When we look at ourselves and let’s just for an example say we’re very servant oriented. We serve those that we lead. We help remove obstacles out of the way. We’re there to help them prop up their careers, promote them, remove roadblocks, help them because that’s what ultimately helps me as a leader get when I need to be accomplished. But that’s the opposite of what’s seen in the vast majority of the company. There’s a disconnect there between, say, my style and the company’s culture and the leadership style that it uses. So we have to figure out, do I align as a leader with what’s expected of leaders in my organization? It may be yes. It may be no. Let’s just say the answer’s, “Yes. That’s right in line with my organization. I see it continuing.” That’s great. Because that means that I can continue to grow and develop my skillset as a leader in my career and help take us into the future because there’s already that natural alignment that occurs between what I apply as a leader and what our organization wants and how we want to take us collectively together into the future.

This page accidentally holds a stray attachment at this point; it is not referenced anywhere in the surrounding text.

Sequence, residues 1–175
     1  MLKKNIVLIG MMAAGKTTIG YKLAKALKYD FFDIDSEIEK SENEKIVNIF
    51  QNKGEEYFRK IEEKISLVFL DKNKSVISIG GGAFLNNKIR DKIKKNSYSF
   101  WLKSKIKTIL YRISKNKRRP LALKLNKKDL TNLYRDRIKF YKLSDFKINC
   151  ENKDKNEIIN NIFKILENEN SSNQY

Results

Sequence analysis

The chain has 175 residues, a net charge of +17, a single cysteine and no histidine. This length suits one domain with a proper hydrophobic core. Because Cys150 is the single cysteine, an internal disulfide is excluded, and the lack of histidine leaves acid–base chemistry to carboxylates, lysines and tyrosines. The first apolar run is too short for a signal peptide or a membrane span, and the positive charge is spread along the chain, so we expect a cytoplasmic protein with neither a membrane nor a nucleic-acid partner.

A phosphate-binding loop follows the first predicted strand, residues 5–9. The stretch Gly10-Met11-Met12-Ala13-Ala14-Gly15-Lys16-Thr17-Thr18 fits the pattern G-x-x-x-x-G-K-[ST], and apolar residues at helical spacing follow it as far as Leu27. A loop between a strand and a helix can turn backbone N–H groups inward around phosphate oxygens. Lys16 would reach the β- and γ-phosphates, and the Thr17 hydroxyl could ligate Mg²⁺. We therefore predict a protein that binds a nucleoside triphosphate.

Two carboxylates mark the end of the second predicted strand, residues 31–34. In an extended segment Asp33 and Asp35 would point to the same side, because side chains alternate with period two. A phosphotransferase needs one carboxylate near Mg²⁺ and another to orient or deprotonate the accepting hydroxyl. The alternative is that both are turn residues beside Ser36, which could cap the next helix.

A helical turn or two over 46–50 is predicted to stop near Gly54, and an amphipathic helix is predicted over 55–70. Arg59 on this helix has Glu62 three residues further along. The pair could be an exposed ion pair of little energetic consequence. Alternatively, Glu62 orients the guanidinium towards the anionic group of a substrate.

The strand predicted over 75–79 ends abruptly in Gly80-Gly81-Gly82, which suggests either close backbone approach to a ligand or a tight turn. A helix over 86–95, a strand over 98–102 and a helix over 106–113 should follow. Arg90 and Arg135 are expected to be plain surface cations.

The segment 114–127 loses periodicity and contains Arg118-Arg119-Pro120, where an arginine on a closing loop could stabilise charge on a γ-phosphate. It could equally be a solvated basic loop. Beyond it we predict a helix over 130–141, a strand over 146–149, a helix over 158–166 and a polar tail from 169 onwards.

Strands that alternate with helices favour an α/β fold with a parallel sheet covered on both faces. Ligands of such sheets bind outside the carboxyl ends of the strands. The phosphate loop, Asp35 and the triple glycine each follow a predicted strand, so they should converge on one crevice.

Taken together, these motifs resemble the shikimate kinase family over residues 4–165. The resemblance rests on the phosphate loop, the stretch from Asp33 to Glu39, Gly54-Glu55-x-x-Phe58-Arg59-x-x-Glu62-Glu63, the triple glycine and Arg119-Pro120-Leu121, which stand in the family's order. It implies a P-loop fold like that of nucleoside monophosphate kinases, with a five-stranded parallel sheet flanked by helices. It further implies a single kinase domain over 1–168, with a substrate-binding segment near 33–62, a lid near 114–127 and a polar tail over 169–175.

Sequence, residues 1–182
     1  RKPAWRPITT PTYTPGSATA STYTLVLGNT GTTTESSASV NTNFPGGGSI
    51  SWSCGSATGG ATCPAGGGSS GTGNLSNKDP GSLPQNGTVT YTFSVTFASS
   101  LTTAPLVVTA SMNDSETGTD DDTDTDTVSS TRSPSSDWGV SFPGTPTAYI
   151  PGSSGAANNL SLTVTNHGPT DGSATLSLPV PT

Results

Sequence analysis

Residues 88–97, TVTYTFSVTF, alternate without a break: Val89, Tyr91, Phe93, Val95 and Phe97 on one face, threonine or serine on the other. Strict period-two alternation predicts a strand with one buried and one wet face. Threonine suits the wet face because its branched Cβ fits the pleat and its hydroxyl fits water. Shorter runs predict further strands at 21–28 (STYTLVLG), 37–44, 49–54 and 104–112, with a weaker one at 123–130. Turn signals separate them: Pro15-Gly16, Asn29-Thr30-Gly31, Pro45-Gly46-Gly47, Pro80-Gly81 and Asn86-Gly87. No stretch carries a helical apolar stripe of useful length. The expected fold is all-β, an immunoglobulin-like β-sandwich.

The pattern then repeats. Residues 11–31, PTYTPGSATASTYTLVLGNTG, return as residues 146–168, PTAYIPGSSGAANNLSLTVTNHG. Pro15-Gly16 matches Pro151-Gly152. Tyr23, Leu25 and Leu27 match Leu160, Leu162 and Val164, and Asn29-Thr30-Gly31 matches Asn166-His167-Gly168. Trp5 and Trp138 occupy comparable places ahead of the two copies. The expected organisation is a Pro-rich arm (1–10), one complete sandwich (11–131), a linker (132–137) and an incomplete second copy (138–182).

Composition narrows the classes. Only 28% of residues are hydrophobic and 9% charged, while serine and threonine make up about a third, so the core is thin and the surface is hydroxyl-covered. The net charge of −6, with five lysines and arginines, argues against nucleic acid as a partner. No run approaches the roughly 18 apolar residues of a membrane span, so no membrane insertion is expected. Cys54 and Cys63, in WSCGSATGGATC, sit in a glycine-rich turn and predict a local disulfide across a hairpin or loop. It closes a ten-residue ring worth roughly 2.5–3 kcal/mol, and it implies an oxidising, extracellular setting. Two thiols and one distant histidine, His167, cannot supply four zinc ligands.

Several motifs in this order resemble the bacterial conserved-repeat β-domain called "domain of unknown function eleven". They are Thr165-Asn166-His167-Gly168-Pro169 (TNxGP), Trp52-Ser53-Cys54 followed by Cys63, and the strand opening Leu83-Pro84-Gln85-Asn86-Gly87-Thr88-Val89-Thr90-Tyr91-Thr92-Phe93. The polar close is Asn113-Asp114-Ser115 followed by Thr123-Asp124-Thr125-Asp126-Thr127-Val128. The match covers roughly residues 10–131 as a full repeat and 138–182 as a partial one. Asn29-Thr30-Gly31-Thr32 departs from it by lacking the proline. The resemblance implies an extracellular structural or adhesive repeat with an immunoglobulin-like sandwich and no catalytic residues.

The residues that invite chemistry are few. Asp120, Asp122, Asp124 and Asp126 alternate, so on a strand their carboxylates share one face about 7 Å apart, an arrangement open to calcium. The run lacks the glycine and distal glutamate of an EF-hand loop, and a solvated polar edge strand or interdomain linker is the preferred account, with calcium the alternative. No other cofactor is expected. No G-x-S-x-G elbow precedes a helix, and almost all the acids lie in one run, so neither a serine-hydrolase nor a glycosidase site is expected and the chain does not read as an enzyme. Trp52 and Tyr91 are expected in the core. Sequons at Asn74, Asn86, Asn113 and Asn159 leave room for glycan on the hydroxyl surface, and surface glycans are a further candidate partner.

That’s the easier route to take. Unfortunately, sometimes the answer may be no. Who I am as a leader may work really well for my folks, but it’s not the norm. And it’s a struggle and a constant battle. And that’s a question that we have to ask in that situation. Am I losing a constant battle? Am I fighting that losing battle all the time? And what does that tell me? If that’s the case, that allows us to know there’s a disconnect between what is expected of me as a leader in my organization and what I’m currently doing as leader? We have a choice in that moment, to ask, am I going to shift? Do I feel that’s right and that’s appropriate? I may find that, “You know what? Yeah, there’s some concessions that I can make. There’s different things that I can do that can shift that allow me to more naturally fit into that culture and help take our business unit into the future with the rest of the organization.”